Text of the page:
By Ellen Huber
In a strange display, at least 300 people took to the streets of Heifei to protest police intervention against their own crimes last Thursday, the South China Morning Post reports. Protesters were involved in a pyramid scheme in Anhui province and, enraged by the potential loss of their investments, protested authorities investigation of scheme organisers.
The schemers blocked a Heifei road and aggressively insulted local policemen and officials as they attempted to disperse the crowd and reopen the road, according to the Southern Metropolis Daily.
After three hours, police were able to convince everyone to leave without major incident.
The protest was sparked by the success of a special unit of the Heifei police tasked with dismantling pyramid schemes in the area.
Image credit: Adam Crowe.
In addition to dispatching the unit, in January Heifei started rewarding residents for tips on pyramid schemes. The city also posted notices warning migrant workers, who may not be privy to the dangers of these so-called investments, that they face deportation to their home villages if they are caught in such a scheme.
This recent bust of one scheme’s leaders follows a string of other successful police interventions where schemers’ hideouts are infiltrated and their identities found out. In the past ten months, the Heifei Daily has reported busts of 619 hideouts and arrests of almost 2,000 alleged criminals.
So why have these schemes seduced so many of Heifei’s 10 million residents? The head schemers promise ridiculous profits for investors who contribute to a centralized fund. Members are encouraged to recruit more people to join the pyramid lower down, with a promise of greater profits for themselves the more people they sign up.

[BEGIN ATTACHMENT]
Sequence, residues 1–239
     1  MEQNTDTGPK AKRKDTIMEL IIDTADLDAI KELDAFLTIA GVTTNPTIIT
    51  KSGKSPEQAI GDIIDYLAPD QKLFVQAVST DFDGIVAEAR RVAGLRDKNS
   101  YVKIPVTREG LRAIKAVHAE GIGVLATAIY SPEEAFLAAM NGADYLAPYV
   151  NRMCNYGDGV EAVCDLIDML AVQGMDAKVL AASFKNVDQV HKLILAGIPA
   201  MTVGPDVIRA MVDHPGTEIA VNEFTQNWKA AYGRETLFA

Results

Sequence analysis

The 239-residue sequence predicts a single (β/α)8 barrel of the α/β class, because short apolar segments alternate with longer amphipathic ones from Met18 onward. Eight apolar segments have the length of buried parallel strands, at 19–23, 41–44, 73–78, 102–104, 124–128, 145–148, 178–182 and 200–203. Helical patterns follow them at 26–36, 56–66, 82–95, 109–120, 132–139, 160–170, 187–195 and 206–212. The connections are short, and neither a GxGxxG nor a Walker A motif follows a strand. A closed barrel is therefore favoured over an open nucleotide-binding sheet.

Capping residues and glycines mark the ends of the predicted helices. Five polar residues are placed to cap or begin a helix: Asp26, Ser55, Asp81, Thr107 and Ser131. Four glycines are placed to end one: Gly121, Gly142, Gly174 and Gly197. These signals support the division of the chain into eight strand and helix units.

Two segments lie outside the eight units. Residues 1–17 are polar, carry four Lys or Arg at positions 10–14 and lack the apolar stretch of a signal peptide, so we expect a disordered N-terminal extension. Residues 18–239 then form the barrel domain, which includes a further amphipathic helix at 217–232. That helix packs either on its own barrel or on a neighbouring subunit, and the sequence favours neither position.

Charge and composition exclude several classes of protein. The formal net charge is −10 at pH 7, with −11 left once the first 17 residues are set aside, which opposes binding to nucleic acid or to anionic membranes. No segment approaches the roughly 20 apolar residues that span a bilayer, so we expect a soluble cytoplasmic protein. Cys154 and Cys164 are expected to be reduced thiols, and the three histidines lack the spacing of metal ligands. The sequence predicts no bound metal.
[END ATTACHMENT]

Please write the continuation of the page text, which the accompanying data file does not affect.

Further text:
This non-sensical business model, like an unstabilized pyramid, collapses under weight of it’s high number of investors, just in time for the people running the show to pull the rug out from everyone else involved.
Part of the police’s success in bringing down these schemers is through undercover work. The Xinan Evening News in Heifei hired a journalist to infiltrate a local scheme. The journalist, who had to be invited by a current investor, was promised a two-year 10.4 million yuan return on an initial investment of a mere 69,800 yuan. That’s an unbelievable 149 times the original investment.
The protesters anger, although clearly misdirected at police, is almost understandable when you realize that a 69,800 yuan investment is nearly three times the average income for an urban Heifei resident and a staggering seven times the average income for a rural resident.
But here’s where things get weirder. Sounding more like a Scientology auditing session than an investment meeting, the new recruits are “initiated” with a free fish dinner, which symbolizes wealth. Once the newbies are feeling like they’re going to hit the jackpot, they are subjected to days on end of “brainwashing.”
What’s more, schemers also had to say “good morning” no matter the time of day, they couldn’t wear slippers during “work hours,” and the men were forbidden from the unbuttoning any of their shirt’s buttons besides the top-most one.